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The Little Book of Speaking Up*

Not Quite What I Thought, But Good Read

I’ll admit that when I first read the title and subtitle of this book, I thought that the subject matter was going to be somewhat esoteric. I thought that the book would explore finding your voice so that you can be comfortable speaking up. I saw it as a self-help book. But it is definitely much different than that. It actually does refer to your speaking voice. After reading the introduction, where the author explains that she is a breathing coach and has enjoyed singing, it becomes clear the direction that this book is going to take.

Divided into six chapters of exercises—most of these exercises not taking long at all if done singly—the book is organized simply. Surprisingly, the author first looks at the body as a whole, not concentrating on the voice just yet. I’ll admit that I had a hard time seeing the connection of this chapter to the rest of the book, but the exercises were still interesting. The next chapter focuses on breath while the next chapter is the one that specifically focuses on speaking, song, and sound in a very physical way. The exercises here are meant to get you more in touch with the sounds of words and the sounds your vocal apparatus produces. I actually found myself jumping in; I couldn’t help but do some of the exercises as I read along. After all this focus on the self—from the whole-body perspective down to the voice—the next chapter switches to listening to others and being aware of sounds. The second-to-last chapter is a way to help you be more mindful of voice and sound throughout your day. The final chapter talks about speaking and voice under pressure, when you have to speak publically, like for a work presentation or an oral examination.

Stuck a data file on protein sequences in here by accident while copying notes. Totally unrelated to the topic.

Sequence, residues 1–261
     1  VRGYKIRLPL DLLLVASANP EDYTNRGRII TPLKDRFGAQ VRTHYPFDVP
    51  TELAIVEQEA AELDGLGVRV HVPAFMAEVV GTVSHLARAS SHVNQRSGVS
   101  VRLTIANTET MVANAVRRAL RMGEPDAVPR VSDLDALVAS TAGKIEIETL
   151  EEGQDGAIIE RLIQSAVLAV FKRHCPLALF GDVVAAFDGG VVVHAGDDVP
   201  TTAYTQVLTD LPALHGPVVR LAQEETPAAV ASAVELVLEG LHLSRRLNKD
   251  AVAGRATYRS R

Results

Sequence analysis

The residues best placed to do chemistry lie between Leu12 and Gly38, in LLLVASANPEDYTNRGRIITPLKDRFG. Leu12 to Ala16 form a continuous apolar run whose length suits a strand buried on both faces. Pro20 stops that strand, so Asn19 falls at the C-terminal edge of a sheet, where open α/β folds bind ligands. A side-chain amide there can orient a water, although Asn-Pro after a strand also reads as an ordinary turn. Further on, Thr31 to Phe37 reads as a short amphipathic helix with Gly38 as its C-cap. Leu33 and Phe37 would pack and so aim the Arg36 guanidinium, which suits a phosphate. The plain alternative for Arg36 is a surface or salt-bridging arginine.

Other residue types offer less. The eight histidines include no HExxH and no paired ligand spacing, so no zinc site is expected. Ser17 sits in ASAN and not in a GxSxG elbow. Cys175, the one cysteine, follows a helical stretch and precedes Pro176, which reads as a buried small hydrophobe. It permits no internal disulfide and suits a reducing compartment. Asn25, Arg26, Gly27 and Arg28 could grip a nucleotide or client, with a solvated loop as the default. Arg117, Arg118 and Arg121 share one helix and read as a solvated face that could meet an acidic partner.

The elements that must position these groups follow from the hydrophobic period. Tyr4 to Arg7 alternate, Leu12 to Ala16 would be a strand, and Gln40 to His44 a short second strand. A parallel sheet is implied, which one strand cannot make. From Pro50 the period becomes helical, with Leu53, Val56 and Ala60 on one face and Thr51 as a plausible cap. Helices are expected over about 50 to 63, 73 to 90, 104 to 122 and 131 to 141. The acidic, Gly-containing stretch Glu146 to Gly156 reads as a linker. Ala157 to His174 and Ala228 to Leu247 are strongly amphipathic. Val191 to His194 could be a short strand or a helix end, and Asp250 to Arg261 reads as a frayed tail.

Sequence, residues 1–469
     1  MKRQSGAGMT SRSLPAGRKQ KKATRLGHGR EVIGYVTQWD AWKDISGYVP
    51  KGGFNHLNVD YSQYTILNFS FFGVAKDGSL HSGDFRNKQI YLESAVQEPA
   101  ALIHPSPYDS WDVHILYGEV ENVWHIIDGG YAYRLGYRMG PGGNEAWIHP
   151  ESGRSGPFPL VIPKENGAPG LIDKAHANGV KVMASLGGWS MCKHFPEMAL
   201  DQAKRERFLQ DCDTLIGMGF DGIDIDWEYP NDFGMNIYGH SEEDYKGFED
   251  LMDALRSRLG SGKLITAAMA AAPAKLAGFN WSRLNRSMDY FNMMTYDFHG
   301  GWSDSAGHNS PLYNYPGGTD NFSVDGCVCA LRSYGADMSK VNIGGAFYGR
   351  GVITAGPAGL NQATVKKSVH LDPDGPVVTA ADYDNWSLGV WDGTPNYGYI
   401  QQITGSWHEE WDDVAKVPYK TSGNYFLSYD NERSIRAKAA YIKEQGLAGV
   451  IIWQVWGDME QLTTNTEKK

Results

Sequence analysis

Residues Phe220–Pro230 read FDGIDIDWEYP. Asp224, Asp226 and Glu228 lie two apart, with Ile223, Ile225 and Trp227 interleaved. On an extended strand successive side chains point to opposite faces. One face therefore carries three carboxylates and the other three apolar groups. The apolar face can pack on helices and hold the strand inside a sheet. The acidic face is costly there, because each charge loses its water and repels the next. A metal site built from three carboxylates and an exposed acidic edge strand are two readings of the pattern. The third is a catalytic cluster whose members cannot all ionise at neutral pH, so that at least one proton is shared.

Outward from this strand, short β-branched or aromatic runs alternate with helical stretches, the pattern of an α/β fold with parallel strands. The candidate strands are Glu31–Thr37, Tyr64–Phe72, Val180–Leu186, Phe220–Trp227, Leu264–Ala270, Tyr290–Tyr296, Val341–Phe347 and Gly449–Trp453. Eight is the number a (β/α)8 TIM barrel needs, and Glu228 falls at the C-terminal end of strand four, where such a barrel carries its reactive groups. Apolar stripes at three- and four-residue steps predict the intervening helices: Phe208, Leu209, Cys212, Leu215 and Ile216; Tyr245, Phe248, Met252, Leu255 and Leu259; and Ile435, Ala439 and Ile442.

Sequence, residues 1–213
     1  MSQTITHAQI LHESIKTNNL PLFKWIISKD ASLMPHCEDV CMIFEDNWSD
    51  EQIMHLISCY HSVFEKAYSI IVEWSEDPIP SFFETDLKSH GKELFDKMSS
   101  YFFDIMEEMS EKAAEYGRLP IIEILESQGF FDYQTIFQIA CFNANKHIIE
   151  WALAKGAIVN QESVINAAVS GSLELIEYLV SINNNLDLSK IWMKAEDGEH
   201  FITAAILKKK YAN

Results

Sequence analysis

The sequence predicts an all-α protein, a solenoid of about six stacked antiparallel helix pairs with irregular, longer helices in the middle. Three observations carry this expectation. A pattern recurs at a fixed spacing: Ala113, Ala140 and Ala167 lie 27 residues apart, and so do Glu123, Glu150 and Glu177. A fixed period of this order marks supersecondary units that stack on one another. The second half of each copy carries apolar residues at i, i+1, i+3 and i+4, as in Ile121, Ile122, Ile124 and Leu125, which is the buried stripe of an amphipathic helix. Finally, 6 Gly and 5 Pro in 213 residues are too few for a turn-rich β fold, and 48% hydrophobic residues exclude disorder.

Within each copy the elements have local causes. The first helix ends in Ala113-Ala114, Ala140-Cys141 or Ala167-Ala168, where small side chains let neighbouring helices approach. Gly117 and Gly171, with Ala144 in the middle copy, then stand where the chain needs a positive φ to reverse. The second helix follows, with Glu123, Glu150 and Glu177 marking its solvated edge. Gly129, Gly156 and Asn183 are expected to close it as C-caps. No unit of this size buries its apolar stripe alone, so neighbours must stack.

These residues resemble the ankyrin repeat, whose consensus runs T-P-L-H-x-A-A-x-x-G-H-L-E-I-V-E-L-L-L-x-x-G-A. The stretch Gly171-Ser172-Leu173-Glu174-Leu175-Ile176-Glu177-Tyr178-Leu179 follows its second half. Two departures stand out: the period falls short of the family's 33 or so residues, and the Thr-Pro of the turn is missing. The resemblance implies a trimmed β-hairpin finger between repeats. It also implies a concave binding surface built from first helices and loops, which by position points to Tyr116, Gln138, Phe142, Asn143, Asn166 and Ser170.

This book was not what I expected, but I still found it quite fascinating. It is an unusual subject to go into in such depth. The exercises are simple, straightforward, and definitely get you in touch with your body, your breath, your voice, and the sounds created by others and the world. It certainly offers a unique perspective. I found it to be a fun, participatory read.

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